The previous Chapter introduced the TPE-based variational formulation of finite elements, which was illustrated for the bar element. This Chapter applies that technique to a more complicated one-dimensional element the plane beam described by the Bernoulli-Euler mathematical model. Mathematically, the main difference of beams with respect to bars is the increased order of continuity required for the assumed transverse-displacement functions to be admissible. Not only must these functions be...

## Info

In variational mathematics this is called a duality pairing. Table 7.1. Physical Significance of Vectors u and f in Miscellaneous FEM Applications Structures and solid mechanics Heat conduction Acoustic fluid Potential flows General flows Electrostatics Magnetostatics Electric potential Magnetic potential Displacement potential Particle velocity The physical significance of the vectors u and f varies according to the application being modeled, as illustrated in Table 7.1. If the relation...

## L

Terminology in Bernoulli-Euler model of plane beam. 4. Strain energy. The internal strain energy of the beam member accounts only for bending moment deformations. All other effects, notably transverse shear and axial force effects, are ignored. 5. Linearization. Transverse deflections, rotations and deformations are considered so small that the assumptions of infinitesimal deformations apply. 6. Elastic behavior. The beam is fabricated of material assumed to be elastic and...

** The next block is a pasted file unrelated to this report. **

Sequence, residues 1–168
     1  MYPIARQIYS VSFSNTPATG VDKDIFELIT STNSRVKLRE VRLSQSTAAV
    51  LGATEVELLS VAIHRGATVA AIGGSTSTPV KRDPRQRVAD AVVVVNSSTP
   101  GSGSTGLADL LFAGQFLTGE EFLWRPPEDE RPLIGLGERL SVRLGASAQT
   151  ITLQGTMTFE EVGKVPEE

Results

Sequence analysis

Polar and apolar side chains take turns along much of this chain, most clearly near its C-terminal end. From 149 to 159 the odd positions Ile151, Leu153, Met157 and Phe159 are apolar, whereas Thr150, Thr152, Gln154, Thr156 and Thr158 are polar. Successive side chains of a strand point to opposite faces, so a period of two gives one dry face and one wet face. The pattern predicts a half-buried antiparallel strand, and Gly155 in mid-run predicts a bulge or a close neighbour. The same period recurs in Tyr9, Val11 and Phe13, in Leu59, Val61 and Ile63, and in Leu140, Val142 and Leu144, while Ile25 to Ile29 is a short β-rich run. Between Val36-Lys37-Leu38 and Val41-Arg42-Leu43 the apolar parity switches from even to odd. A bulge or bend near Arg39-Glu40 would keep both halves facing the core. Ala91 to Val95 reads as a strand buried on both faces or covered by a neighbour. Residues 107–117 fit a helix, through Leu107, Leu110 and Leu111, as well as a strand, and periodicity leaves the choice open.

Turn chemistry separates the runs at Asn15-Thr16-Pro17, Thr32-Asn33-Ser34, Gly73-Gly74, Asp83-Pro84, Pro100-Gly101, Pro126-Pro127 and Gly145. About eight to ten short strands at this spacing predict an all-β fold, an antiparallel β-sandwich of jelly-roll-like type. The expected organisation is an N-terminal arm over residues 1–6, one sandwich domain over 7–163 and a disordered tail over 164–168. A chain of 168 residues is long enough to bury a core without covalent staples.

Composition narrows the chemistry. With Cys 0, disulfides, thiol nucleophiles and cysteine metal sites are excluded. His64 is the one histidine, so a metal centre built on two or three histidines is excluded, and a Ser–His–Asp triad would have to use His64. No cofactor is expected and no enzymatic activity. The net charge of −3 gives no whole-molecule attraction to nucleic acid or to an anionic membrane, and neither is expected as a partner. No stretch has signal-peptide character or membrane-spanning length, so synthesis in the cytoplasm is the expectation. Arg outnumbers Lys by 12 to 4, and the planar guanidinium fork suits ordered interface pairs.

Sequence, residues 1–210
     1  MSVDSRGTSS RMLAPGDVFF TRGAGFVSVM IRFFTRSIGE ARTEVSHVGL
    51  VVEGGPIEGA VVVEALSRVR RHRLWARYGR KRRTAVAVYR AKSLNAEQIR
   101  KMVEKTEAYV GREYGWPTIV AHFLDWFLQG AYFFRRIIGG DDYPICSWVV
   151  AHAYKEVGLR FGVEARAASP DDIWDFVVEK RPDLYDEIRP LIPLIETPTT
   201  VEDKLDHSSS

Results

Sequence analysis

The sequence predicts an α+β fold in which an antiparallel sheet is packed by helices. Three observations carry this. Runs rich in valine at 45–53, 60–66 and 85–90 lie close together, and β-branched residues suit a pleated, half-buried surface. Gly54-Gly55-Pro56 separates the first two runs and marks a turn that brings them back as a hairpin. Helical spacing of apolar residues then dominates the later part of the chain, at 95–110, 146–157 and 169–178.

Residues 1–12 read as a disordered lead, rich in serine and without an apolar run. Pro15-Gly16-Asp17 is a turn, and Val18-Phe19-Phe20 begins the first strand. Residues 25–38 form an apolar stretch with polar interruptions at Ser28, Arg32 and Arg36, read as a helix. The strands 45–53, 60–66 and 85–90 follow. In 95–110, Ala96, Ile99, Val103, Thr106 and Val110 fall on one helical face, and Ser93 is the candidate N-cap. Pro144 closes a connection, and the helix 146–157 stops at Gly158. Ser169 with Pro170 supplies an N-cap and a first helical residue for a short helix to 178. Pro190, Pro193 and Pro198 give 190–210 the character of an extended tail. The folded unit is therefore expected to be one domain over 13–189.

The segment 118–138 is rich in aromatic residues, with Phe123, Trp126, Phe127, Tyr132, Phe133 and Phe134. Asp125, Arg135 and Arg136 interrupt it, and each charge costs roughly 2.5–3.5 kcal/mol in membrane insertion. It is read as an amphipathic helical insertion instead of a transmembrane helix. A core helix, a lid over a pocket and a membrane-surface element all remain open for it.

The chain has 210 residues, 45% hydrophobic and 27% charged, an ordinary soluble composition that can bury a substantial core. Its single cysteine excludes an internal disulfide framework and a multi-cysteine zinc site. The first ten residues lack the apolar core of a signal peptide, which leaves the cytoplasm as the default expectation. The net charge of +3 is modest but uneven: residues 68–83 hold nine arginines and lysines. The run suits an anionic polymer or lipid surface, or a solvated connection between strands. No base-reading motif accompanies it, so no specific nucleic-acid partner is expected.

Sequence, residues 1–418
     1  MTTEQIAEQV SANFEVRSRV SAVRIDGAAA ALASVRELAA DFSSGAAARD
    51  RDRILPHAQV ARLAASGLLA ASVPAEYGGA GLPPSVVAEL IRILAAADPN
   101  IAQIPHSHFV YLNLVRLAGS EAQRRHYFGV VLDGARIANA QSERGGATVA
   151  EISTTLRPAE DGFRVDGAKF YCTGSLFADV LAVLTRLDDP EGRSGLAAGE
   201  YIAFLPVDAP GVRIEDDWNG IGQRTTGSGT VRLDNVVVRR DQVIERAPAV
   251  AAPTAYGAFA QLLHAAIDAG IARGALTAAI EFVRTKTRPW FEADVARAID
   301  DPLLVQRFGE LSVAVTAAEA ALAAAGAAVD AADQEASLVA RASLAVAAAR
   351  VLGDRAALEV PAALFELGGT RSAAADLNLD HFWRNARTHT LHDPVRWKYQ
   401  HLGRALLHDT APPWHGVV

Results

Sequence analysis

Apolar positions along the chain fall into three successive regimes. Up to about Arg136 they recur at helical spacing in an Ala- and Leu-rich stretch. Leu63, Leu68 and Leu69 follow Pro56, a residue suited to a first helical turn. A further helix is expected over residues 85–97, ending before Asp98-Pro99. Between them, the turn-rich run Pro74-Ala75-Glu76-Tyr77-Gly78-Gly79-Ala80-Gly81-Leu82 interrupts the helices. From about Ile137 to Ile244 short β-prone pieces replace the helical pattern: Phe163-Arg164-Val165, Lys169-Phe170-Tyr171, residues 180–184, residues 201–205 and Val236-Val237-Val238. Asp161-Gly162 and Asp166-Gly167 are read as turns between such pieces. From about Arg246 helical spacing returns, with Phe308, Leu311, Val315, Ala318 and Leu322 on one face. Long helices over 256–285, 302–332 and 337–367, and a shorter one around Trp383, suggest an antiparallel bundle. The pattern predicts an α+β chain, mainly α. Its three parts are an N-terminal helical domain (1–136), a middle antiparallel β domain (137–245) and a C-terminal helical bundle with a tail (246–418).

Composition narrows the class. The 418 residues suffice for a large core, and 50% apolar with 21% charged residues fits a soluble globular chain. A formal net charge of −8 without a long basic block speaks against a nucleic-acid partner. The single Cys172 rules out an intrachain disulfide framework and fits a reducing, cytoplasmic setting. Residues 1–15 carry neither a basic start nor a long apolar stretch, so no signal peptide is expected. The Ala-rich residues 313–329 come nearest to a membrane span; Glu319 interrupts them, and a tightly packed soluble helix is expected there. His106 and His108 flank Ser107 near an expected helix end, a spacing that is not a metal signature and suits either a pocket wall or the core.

## O

Hermitian shape functions of plane beam element These shape functions are conveniently written in terms of the dimensionless natural coordinate Figure 13.8. Hermitian shape functions of plane beam element These shape functions are conveniently written in terms of the dimensionless natural coordinate which varies from 1 at node i (x 0) to +1 at node j (x i) i being the element length Nve) 4 (1 - S)2(2 + S), N< e 8 (1 - S)2(1 + S), Nj 4 (1 + )2(2 ), Nj 881(1 + )2(1 ). These...

## P m